Santa Monica was the first city to introduce dynamic caps. Santa Monica originally had a fleet of 2,500 vehicles distributed among four mobility companies. After the introduction of dynamic caps, the number of vehicles in the city increased to 3,250. Similarly, St. Louis is an example of a city that uses dynamic caps for its bike share. The city started with a pilot program of 500 bikes. Every month, companies could add 350 bikes to each fleet, until they reached a maximum of 2,500. After reaching 2,500, companies could expand their fleet if they could demonstrate rising demand for their bikes and had an education and social equity plan.

Regulating the number of micromobility vehicles might not be necessary at all. But if cities want to limit the number of vehicles in the streets, then dynamic caps are better than hard caps. Hard caps stunt micromobility growth. They punish both users and mobility companies. Users find it harder to find bikes and scooters, while mobility companies find it harder to expand. With dynamic caps, user demand can be determined, and companies can expand their fleets without flooding the market all at once. As in St. Louis, cities should start with a small fleet number to test the waters and grow based on demand.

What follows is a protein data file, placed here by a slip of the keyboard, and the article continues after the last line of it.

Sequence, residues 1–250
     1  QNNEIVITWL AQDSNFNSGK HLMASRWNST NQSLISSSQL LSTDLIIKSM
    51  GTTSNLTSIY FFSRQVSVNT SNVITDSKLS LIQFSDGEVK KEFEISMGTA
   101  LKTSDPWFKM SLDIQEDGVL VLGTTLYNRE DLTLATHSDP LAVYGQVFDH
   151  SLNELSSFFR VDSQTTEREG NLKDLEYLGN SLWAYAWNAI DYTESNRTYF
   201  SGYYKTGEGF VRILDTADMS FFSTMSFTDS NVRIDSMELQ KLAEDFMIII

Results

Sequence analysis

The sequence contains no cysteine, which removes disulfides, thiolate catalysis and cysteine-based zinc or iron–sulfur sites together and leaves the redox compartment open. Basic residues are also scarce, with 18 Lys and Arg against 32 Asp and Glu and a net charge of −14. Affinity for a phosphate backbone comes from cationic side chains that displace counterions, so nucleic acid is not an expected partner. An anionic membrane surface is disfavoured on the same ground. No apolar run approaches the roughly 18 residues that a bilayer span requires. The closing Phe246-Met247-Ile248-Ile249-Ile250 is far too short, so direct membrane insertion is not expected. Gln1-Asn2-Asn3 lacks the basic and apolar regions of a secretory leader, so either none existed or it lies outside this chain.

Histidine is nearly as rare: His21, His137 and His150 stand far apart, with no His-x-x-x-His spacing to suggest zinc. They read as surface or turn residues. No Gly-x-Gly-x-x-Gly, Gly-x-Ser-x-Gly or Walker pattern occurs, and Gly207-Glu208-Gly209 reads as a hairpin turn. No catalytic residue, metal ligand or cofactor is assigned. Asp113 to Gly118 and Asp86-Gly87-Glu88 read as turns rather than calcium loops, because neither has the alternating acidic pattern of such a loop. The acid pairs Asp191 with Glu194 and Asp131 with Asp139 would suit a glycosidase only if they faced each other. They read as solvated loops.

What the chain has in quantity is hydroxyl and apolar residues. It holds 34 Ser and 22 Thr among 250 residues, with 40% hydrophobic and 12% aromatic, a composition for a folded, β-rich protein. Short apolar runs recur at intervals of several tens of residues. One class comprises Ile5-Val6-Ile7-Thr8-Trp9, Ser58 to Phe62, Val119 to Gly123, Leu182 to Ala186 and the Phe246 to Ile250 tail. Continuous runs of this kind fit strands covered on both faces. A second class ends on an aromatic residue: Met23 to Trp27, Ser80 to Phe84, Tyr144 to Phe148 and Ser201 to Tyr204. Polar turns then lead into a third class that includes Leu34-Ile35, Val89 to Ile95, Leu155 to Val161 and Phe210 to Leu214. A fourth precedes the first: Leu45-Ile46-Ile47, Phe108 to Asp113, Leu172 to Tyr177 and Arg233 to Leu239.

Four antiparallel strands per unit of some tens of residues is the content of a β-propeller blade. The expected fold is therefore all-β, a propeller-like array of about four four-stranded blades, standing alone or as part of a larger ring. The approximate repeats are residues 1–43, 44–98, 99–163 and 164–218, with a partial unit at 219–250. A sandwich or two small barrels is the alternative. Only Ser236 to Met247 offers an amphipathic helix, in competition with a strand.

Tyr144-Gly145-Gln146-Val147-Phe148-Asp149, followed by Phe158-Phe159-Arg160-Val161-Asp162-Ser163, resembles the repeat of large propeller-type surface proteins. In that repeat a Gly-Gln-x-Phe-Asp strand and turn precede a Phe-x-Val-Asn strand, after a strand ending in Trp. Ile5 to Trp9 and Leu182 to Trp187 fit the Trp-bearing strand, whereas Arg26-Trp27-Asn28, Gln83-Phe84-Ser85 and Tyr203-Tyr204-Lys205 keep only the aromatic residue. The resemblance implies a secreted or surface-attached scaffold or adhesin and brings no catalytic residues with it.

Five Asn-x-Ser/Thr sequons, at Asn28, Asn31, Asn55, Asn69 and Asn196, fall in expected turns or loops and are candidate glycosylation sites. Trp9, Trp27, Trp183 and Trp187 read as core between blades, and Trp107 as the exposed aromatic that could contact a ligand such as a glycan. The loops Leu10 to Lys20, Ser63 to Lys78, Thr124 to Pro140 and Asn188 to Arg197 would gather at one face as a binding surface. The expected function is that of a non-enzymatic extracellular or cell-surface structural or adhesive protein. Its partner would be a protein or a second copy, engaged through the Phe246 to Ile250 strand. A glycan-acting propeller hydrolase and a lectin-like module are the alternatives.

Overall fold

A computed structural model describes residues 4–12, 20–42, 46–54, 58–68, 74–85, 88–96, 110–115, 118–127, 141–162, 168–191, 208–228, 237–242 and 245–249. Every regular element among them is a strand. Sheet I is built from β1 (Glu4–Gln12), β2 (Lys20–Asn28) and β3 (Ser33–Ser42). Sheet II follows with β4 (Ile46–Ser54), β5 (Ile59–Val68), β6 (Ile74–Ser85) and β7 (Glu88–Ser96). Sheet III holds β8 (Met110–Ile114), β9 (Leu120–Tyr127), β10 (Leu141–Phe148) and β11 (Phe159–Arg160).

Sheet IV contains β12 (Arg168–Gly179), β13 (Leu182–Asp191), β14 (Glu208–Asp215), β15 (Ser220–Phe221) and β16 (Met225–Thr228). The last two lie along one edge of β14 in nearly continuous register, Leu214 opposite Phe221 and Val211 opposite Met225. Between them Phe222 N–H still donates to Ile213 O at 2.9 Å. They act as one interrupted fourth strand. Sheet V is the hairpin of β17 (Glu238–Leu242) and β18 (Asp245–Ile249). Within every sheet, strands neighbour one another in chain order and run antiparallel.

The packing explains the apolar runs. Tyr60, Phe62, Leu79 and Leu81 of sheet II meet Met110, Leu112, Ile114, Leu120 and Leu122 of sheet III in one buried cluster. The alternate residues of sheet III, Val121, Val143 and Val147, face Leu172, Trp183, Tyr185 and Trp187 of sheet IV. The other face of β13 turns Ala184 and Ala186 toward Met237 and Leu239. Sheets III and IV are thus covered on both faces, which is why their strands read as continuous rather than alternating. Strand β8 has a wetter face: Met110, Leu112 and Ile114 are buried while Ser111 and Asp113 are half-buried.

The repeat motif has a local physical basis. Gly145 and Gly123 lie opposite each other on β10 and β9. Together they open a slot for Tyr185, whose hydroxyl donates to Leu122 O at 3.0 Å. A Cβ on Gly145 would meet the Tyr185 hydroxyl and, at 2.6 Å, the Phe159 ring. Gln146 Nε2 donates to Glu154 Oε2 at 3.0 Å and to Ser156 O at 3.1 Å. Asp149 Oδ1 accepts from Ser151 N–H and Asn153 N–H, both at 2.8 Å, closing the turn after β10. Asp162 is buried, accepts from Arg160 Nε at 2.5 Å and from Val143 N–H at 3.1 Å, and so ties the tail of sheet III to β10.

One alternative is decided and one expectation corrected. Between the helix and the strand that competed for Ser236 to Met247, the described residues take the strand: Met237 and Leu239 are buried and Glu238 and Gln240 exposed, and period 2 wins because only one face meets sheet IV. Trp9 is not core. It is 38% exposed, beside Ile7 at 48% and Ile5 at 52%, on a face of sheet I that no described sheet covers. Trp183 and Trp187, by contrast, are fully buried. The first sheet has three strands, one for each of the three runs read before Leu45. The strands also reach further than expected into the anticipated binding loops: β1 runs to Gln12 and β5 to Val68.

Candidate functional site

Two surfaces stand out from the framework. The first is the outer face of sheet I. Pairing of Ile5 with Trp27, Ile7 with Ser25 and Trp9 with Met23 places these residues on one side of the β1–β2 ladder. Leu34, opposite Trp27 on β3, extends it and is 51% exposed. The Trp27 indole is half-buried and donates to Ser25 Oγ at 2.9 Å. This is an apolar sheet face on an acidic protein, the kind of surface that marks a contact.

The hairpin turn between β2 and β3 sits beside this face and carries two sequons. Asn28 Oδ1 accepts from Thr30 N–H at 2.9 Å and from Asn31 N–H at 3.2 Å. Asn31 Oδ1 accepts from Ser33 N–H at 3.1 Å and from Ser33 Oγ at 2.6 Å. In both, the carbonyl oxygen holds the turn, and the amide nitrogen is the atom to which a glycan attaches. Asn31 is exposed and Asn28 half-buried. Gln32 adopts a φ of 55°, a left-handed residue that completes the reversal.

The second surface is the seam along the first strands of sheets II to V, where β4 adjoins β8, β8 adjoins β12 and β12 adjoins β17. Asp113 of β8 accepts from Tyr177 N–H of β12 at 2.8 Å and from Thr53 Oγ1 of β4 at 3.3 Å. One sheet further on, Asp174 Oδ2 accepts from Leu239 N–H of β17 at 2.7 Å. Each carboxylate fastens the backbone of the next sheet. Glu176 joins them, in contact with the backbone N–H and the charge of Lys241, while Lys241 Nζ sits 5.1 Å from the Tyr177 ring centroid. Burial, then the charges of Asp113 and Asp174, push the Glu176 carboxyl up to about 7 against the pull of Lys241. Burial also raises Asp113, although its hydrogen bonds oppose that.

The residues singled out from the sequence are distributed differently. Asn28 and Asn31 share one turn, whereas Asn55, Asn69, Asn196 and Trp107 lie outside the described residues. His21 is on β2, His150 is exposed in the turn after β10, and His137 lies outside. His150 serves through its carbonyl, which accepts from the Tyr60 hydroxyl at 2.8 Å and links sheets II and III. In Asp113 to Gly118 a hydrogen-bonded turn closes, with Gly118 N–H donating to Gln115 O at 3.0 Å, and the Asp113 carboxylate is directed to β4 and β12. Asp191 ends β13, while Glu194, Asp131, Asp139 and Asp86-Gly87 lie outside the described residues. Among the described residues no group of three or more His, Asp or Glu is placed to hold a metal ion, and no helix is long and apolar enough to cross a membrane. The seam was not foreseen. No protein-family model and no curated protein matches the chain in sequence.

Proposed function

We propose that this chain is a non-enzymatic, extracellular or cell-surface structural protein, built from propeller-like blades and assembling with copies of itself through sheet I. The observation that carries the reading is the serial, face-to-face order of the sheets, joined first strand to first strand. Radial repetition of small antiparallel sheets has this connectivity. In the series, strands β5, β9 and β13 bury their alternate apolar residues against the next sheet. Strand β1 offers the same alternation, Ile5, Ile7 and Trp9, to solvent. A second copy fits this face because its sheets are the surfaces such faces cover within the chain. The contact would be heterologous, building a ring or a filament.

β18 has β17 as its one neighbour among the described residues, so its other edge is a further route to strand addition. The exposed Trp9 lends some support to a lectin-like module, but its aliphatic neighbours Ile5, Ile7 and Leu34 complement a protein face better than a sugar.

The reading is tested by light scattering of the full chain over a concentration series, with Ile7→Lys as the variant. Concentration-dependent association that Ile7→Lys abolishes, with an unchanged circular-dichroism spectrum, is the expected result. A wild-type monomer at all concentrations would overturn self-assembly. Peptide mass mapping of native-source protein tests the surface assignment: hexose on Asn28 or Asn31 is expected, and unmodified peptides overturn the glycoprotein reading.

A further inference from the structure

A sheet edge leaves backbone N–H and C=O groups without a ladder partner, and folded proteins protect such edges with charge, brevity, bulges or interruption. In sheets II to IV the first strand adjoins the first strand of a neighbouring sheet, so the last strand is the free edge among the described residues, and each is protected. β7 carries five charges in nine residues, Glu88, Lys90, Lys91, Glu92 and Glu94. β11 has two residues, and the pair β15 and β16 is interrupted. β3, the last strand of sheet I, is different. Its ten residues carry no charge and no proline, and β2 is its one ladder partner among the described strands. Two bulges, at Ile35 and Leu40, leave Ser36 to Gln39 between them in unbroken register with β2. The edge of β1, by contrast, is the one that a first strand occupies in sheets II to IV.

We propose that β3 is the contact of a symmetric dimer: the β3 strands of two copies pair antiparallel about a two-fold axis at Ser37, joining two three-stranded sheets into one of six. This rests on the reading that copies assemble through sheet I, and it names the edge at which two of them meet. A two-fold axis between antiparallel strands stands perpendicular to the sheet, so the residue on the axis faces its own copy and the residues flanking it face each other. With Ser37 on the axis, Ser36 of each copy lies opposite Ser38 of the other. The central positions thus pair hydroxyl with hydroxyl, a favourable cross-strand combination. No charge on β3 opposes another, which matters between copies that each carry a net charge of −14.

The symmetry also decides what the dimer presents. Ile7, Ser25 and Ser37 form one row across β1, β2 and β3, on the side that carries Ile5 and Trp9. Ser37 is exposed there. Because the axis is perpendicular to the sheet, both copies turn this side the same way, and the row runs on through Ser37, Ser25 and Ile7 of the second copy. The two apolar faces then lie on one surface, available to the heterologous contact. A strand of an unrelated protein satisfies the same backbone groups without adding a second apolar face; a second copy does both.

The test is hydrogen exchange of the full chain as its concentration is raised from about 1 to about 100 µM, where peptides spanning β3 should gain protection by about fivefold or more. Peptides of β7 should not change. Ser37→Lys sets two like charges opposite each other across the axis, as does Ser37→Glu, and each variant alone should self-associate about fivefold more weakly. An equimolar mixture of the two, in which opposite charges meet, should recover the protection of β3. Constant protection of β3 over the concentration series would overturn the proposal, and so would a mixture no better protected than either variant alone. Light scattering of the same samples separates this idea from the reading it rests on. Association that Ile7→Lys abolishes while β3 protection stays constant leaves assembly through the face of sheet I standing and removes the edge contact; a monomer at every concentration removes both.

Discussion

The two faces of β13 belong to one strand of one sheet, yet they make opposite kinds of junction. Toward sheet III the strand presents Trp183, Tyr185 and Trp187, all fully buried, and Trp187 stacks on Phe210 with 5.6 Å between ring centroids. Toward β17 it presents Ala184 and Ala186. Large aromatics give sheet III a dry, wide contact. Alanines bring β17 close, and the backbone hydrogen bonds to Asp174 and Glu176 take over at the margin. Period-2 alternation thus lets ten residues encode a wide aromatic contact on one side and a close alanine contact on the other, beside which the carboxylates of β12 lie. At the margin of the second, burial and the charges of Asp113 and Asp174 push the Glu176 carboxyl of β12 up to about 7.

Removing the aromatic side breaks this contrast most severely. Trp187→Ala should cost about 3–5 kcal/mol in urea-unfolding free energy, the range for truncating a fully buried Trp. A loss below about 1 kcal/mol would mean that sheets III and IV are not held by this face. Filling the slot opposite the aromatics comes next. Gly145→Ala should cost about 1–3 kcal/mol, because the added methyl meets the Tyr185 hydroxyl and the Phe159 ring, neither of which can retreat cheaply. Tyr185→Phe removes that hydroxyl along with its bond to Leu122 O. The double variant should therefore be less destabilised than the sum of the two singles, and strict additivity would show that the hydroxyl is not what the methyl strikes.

2) Allow more competition among mobility companies

Many US cities limit the number of e-scooter and bike-share companies that can operate within the city. Usually, cities select a couple of operators that apply for permits in each city based on pre-selected criteria. The criteria typically include innovation, safety, labor practices, and accessibility, among others. What it does not include is the demand for each company’s vehicles.

Last year, Washington, DC, announced that it would expand its micromobility pilot program. However, it also announced that it would reduce the number of mobility operators by half. To decide who would get to operate in the city, it requested applications and scored applicants based on specific criteria. Out of the 19 applications it received, only four were granted permits. Some of DC’s popular e-scooter companies did not make the cut, including Lime and Bird. Ultimately, DC’s pick led the other companies to appeal, delaying the implementation of the program.

Limiting the number of companies that can operate in a city reduces competition among mobility companies. If we look at simple economics, more supply leads to lower prices. As consumers, we want more scooter companies, not fewer.